Many cabins have water issues in their basement or crawl spaces. Our cabin is no exception – especially in the spring or after heavy rains. To fight the water, I figured we could install a French drain system adjacent to the foundation to improve the drainage of water away from the cabin. After some consideration, I thought it might also be a good idea to add a surface drain since we had no gutters on our cabin. Here is what I did.
Combo Drain to help redirect roof rain water without gutters
If you’ve read some of my other articles, you probably know I’ve put some time and effort into mitigating my crawl space moisture issues. Dirt crawlspaces may be the worst building design ever conceived and they lead to all sorts of the worst home problems – moisture, mold, insects, rodents, etc. To try and tackle the water issues of the crawl space I’ve installed a sump pump and encapsulated the crawlspace adding a radon pump to continuously evacuate the space under the membrane.
I’m not sure if I’ve seen such a hybrid drain before, but it doesn’t seem too crazy as the surface drain can handle any surface ground water and the deeper French drain should keep sub-surface water under control.
This effort just adds to the war on water and hopefully helps reduce the water load on the home and crawl space. Would it have been more efficient and effective just to install rain gutters on the cabin? Probably, but for some reason I thought digging trenches for a few days was a good idea. Time may tell.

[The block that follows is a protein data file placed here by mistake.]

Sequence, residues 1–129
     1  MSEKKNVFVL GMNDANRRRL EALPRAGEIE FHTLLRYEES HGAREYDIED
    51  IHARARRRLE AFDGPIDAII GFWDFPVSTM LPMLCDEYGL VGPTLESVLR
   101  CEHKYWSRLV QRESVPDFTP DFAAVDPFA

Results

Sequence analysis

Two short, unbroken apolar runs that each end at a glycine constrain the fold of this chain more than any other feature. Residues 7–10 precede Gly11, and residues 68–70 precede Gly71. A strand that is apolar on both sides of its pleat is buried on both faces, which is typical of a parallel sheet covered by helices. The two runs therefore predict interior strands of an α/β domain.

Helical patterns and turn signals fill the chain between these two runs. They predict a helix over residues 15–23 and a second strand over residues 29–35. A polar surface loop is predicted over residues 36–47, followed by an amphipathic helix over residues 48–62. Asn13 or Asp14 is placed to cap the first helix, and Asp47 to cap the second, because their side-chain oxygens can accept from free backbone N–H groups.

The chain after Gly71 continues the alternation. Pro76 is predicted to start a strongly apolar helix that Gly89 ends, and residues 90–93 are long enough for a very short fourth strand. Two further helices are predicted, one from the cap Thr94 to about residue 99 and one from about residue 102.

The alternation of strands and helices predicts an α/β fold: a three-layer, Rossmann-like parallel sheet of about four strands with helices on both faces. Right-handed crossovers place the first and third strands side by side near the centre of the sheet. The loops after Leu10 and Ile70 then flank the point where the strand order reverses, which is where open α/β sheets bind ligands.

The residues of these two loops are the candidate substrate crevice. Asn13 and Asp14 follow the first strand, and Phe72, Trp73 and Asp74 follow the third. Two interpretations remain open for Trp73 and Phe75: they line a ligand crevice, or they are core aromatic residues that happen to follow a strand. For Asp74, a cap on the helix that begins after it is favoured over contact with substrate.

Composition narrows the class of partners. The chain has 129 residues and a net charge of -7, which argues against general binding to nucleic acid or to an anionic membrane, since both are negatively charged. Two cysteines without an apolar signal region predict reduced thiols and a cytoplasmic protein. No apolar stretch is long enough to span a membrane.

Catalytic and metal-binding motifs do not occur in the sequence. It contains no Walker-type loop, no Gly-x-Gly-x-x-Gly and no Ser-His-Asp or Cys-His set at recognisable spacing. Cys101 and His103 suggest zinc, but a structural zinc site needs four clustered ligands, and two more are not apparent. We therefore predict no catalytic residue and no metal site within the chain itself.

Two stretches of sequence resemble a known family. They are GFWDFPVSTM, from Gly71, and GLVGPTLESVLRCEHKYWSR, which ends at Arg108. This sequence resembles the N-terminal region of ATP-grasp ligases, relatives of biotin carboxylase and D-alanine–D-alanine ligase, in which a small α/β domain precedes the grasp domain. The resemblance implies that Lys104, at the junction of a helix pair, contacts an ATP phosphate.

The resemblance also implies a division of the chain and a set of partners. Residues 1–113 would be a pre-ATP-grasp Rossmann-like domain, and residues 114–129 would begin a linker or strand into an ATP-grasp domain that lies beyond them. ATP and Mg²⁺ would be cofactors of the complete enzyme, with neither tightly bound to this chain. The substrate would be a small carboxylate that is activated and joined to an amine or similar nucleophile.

With that here is a bit my reasoning for the project and a bit of French drain history.
Water In Basements And Crawl Spaces Often Comes From Outside Of The Home
Most crawl space or basement water enters from the outside (barring a plumbing leak or similar) and typically by one of three routes:
- humid air entering through foundation vents
- sub-surface ground water via hydro-static forces
- surface ground water passing through foundation walls
Each of the above are unique problems and should be addressed separately.
Issues with humid exterior air ventilation are fixed by sealing your crawl space to outside air. I have already done this by sealing the foundation vents in my foundation walls with block (more details above sealing your crawl space here).